I reached out with my long arm, towards the book that caught my eye first just because it was a red one. When I was finally able to pull it out and read the title, I cannot believe it. No f***ng way! You’ve got to be kidding me! So I immediately stood up, not wanting an opportunity like this go, and paid the cashier the entire thirty-five pesos worth of all their trouble of not arranging the stack of books. Lucky for me, I followed my hunch. And thought the movie version is better than the novel, I can still say that it was worth all the dust I inhaled while reaching that book at the back of the shelf.
So you all know that I’m a closeted lesbian. Not just that, I’m an extremely insecure and pretentious closeted lesbian who won’t get caught ever checking out lesbian fiction at bookstores. Atleast at National Bookstore. I, no matter how brilliant my hiding schemes are, found a match one day in the face of the owner of the used books shop along the AS Walk at UP Diliman.
several counts of les-curiousity
the owner of the book shop by the AS Walk
a copy of Fingersmith by Sarah Waters
De-shelving, loss of the right to brag about stealth prowess, loss of the right to return to that book shop until the owner forgets about the incident.
You’ve got to understand, this is not me exaggerating things. This is me being the insecure and paranoid lesbian that I am. Insecure that people around me will think I’m a lesbian. Paranoid that the people around me do know I’m a lesbian. So here is how it happened:
That afternoon, when my last class was done, I badly wanted to go home because of the tons of homework I didn’t do during the week-end. The one that I always ride the jeepney home with, a sophomore classmate of mine in that subject, said that she needed to buy a book for an English subject she’s taking. I told her that we could buy it at SM or Trinoma since those malls are on our way. She asked me if it would be okay if I accompany her at the said used books stall because she wanted to save on money. I agreed, not really in the mood to ride a jeep alone because it was raining.
So she asked the owner of the store if they had her book. As the owner searched for the right translation, I examined the titles around me. Not bad. The books are actually fairly new and so are the titles. I wish I had some money on me (or rather, that I’m not so kuripot), so that I can buy something of Murakami’s. I stooped down in order to check more titles (there’s something about low corners when it comes to lesbian fiction). Yup, you guessed it, I saw it. I didn’t really see the title, rather, I saw the name of Sarah Waters and the picture of the two gloves I know so well because I spent many hours looking it up on Amazon wishing that I can order it. I immediately looked at the price: 275 pesos. Good, I had more than enough. I was so excited I had to restrain myself from jumping as I hurried to the owner to pay him. He saw me holding the book before I reached him.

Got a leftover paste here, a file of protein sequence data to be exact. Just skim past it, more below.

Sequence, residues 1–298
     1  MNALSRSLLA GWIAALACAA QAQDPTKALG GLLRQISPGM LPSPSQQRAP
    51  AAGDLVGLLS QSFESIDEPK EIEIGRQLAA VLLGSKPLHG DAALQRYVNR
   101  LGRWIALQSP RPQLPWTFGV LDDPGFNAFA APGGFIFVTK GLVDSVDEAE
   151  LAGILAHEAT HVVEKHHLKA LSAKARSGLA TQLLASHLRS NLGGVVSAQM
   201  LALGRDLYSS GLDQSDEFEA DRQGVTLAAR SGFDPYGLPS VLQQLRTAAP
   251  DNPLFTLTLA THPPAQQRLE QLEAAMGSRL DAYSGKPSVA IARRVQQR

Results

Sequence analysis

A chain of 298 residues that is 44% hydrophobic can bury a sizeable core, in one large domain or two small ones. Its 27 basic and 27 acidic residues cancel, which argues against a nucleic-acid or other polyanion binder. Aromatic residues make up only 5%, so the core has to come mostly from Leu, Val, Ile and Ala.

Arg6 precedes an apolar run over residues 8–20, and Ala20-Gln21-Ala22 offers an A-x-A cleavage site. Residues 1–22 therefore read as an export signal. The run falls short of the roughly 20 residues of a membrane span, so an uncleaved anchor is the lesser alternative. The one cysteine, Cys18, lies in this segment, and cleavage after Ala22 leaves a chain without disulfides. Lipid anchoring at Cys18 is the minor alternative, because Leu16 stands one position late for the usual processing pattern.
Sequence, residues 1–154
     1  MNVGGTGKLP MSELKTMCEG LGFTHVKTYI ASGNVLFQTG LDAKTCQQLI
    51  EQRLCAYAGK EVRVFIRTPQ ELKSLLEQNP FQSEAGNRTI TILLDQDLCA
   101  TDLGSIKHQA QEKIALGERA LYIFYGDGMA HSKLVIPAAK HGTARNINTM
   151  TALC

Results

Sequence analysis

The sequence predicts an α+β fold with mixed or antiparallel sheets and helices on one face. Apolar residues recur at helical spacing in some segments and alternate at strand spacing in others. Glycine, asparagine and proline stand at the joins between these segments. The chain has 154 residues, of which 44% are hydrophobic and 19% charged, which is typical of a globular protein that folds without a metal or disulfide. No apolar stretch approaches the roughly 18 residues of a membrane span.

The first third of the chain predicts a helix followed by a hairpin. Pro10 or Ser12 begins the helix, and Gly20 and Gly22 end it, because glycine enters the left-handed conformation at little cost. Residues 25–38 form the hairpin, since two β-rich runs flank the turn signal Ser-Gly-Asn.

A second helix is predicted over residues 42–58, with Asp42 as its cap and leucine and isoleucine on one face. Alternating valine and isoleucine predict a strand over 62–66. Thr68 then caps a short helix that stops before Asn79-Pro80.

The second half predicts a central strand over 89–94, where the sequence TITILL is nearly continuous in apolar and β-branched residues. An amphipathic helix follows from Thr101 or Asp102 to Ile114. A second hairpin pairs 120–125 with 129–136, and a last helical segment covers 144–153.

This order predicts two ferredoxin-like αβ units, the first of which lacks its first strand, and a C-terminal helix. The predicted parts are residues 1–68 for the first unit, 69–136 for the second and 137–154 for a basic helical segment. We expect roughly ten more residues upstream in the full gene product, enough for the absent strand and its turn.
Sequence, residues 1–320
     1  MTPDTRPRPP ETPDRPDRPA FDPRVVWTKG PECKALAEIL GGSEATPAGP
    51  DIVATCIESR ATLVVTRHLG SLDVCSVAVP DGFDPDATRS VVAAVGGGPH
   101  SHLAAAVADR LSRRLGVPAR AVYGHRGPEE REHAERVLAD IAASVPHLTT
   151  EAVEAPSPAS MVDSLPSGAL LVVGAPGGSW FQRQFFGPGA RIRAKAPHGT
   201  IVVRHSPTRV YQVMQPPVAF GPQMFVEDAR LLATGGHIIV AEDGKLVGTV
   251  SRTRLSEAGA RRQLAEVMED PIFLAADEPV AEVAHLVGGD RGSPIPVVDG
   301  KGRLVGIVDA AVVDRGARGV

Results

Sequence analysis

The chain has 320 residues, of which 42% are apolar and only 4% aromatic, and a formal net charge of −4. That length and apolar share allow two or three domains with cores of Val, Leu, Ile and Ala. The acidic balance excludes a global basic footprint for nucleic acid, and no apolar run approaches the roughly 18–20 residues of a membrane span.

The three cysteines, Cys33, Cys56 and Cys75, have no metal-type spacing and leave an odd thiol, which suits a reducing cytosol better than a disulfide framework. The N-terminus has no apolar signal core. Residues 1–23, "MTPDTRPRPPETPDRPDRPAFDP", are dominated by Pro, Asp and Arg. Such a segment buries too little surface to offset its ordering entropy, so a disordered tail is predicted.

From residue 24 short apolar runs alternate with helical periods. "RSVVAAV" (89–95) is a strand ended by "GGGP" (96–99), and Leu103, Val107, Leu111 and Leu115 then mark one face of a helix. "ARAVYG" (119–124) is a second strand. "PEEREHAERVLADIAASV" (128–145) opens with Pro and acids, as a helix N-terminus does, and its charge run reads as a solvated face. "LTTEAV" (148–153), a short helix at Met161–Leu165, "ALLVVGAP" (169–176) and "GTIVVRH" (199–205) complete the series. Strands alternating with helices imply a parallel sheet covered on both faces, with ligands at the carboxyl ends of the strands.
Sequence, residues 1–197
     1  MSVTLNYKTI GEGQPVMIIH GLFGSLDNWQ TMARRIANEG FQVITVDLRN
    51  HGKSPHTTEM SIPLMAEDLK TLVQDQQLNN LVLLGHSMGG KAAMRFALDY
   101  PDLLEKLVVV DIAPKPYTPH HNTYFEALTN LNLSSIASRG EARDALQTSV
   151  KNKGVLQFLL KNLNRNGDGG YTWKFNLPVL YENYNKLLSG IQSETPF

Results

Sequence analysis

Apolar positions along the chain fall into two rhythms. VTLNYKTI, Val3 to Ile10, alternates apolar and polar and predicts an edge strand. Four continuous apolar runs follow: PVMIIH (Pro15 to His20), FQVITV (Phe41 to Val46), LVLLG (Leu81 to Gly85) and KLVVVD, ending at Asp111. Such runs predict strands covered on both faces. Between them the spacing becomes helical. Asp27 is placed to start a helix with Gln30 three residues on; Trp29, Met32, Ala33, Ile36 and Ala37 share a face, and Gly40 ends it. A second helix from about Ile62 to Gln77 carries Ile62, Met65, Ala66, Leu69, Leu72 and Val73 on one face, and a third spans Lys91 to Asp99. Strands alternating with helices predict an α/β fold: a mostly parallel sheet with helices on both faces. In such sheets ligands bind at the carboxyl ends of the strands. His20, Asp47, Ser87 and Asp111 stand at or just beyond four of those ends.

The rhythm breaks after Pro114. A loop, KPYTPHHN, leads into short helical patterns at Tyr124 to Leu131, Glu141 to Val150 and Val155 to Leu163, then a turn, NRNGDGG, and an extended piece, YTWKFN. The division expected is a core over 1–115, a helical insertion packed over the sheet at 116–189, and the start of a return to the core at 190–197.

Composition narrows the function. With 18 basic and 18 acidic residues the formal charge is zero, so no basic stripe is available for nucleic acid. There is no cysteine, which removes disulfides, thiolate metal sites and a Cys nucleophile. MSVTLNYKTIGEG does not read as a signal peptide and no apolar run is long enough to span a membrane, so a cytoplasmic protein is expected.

Owner(signalling to the book in my hand): Ay, maganda ‘yan, ine. That’s a good one, child.
(I didn’t really believe him then when he said that. Could he possibly have read all those books he was selling? So I tested him.)
Me: Ay, ‘yong pelikula palang po ‘yong napapanood ko. I’ve only seen the movie.
Owner: Iyong pelikula ba? Maganda rin ‘yon, kaso masyadong sensitive nga lang. The movie was good too, though it touched on sensitive tones.
(Oh, f**k! Alam niya talaga iyong kwento! My insecurities kicked in, it’s time to escape.)
Me: Gan’un po ba? Mas maganda nga raw po ‘yung libro kesa sa pelikula. Is that so? I’ve heard that the book was better than the movie.
(Um, sige, idiin mo pa, kulang na lang sabihin mo na sabi ng AfterEllen yan eh.)
Owner: Mas maganda nga talaga ‘yan, may mga dialogue ‘yan na wala sa pelikula eh.The book is indeed better. There are dialogues in the book not present in the movie.
Me: Salamat naman, ang tagal ko nang hinahanap to. Ang meron lang Powerbooks, indefinitely out-of-stock pa. Hardbound na 600. Thank God. I’ve been looking for this for a long time. Only Powerbooks had it, and it’s out-of-stock indefinitely. A 600 peso hard-bound copy.
(Um! Buhay ka pa!)
Owner: Dito ka na lang. Mas mura pa, bago naman iyan e. Tsaka maski paper back niya di mo makukuha ng 250 kahit saan. Just buy it here, it’s cheaper and it’s still new. You cannot buy even the paper back version for 250 pesos anywhere.
(Good thing the talk has turned into the sales type. I have never been this comfortable during a sales talk.)
So I paid him, grabbed the arm of my friend who already had the book she needed, and left after saying thank you. Did he have an idea of what I am? I think he did, I hope not. I also hope that the day will come that I can finally buy my books on Amazon without fear and with full freedom.